If your blade isn’t going to be used for severe cutting and you want to give it some more protection that might prevent corrosion and give it a more excellent look, coloring your blade is a good option.
Electroplating is a process that can be used on a carbon blade to add colour and design. These blades are forged from the same high-quality steel as traditional samurai blades, but the manufacturing process is tweaked at key points to achieve the striking hue.
The blade’s other characteristics, including the hamon, blood groove, tang morphology, curve, and point placement, are also strictly adhered to.
Swords manufactured of grade steel electroplated in colour will work just as well as noncolored blades because the surface treatment does not affect blade functionality. It’s not just a pretty coat of paint; it also protects the blade against oxidation.
The coloured blade sword can have one of three possible colours: red and black, all black, or blue. The dye will only rub off if you sharpen the blade. When using a knife, it’s best to avoid cutting through anything too tough.
Changing a blade’s steel to a certain color results in the following variants.
Moreover, blade coloring is quite delectable on folded blades.
Blade Engraving on your Katana
There is little evidence of engravings being utilized on early examples of Japanese swords such as the Katana, Wakizashi, and Tachi. Swordsmiths originally developed several blade types and fittings based on these four criteria: shape, utility, weight, and strength.
Swords were in high demand, and so was the expertise of blacksmiths as technology improved. Over time, decorations, fixtures, and engraving grew more elaborate in form and significance, and engraving became a standard method for smiths to give credit to their work.
It is not uncommon to pay a premium to have a Katana engraved by a professional, as doing it yourself with a hand-held engraver or a CNC router demands a high level of artistic skill and knowledge.
Three common inscriptions on traditional Japanese Katana were two characters denoting the province the sword was made in; two characters denoting the smith who made it; and, occasionally, the date or an honorific like “respectfully.”
It was customary to include the date the sword was manufactured and the emperor’s title, but this was only sometimes the case, depending on the era and the monarch.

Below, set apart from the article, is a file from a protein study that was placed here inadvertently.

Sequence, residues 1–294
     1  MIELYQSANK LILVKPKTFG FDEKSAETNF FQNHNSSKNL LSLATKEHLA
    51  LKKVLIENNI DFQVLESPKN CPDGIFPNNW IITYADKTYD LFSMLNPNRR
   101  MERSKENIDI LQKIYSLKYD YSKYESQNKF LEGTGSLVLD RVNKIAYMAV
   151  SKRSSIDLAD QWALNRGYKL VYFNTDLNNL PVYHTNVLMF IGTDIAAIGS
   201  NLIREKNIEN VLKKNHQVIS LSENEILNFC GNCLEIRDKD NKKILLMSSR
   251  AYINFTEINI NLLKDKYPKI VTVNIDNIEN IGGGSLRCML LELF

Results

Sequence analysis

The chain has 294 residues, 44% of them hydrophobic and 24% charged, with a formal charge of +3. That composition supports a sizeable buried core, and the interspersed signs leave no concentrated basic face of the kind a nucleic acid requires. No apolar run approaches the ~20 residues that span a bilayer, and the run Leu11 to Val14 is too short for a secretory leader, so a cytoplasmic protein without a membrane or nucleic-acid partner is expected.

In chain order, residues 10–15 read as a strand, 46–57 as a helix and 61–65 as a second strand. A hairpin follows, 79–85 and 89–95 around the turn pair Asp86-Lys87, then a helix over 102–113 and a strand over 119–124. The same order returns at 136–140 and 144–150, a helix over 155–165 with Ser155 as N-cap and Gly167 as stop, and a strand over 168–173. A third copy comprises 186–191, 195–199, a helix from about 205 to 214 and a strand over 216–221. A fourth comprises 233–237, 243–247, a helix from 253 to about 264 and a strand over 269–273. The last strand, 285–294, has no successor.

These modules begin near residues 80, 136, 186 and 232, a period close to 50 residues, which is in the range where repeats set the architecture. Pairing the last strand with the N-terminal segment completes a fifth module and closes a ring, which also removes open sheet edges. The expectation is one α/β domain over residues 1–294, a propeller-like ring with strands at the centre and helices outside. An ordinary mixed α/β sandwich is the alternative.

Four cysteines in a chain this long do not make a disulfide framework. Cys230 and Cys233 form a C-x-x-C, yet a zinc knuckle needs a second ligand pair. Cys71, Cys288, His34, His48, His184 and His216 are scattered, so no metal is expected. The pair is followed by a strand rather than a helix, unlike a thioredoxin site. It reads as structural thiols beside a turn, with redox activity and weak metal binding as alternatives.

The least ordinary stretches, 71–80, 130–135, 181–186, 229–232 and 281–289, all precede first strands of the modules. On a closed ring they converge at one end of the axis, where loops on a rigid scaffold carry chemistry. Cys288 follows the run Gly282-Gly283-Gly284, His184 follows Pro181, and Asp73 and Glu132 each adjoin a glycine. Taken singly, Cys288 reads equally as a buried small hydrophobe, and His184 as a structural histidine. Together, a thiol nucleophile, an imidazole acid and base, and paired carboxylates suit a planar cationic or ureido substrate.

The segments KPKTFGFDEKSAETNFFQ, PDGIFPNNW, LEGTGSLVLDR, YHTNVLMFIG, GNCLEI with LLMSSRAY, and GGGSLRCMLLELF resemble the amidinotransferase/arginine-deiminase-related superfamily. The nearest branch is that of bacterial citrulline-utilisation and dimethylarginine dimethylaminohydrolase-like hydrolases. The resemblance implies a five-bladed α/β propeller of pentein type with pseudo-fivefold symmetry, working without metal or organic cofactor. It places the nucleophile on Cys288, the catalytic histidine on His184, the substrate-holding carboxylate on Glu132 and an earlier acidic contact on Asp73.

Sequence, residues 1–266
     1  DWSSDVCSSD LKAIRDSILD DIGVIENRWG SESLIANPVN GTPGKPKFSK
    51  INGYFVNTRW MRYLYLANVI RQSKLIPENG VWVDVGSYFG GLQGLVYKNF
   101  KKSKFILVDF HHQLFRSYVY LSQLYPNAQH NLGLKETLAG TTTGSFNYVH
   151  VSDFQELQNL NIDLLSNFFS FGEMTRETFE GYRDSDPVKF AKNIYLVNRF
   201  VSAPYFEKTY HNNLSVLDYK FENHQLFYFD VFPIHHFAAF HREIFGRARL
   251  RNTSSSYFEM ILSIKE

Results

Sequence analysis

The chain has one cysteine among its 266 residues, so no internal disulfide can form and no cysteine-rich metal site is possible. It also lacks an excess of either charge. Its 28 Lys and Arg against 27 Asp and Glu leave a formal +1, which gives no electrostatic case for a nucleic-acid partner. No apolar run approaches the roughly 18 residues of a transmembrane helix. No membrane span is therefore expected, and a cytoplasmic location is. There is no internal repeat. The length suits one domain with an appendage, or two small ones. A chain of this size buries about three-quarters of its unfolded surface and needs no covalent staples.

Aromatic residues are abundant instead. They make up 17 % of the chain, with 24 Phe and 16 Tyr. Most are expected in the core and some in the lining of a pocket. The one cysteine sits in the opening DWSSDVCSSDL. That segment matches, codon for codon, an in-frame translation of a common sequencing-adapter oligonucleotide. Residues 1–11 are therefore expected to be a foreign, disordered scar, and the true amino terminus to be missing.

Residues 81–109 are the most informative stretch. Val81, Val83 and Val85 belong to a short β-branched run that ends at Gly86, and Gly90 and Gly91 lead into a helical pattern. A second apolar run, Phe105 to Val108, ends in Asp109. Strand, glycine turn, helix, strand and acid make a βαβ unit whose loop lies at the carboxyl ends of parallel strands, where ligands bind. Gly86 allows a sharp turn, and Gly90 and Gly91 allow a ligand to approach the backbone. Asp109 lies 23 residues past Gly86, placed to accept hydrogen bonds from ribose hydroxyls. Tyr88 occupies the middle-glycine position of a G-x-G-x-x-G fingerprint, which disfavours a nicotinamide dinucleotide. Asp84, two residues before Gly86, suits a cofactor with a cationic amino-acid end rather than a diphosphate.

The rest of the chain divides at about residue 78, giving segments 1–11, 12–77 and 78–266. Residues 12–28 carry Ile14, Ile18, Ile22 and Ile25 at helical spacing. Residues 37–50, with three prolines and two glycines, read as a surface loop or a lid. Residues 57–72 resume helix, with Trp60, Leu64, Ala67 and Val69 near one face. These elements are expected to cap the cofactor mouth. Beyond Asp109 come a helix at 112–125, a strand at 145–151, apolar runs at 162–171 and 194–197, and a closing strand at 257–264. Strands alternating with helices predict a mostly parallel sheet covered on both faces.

It was common for less well-known smiths to forge the name of a more well-known smith’s name onto their products to boost sales.
The tang of a sword is where engravings were typically done, and because of its location under the handle, it was rarely seen as the tsuka always covers the tang.
As time went on, occasionally, the engravings were in more prominent areas, such as the blade, which is more prevalent now as most sword owners won’t take the sword apart, and many use them for display purposes. Advanced Engravings of “Horimono” Gods, Dragons, and other beings also became commonplace.
The decoration was increasingly refined over time, especially during the Edo era. Swords were sometimes decorated with simple yet stunning engravings called Horimono for religious and aesthetic purposes. These engravings have historically depicted everything from gods and dragons to flowers and animals.
The Current State of Engraving
Thanks to advances in sword smithing, blades may now be marked and engraved in various ways, allowing them to be tailored to the individual using the sword. At Swords for Sale, we can do multiple kinds of engravings on your blade, and we also always engrave some of the sword’s details on the tang.
A customer’s sword can be personalized in a number of ways, including the grip, hilt, sheath, and, of course, the blade. Numerous buyers want their new blades personalized by engraving a touching sentiment, the recipient’s name, a beautiful design, or both. You can see some examples right below.
English Characters Blade Engraving
Japanese Characters Blade Engraving
Chinese Characters Blade Engraving
Cherry-Blossoms Blade Engraving
Dragon Blade Engraving
Japanese Warrior Blade Engraving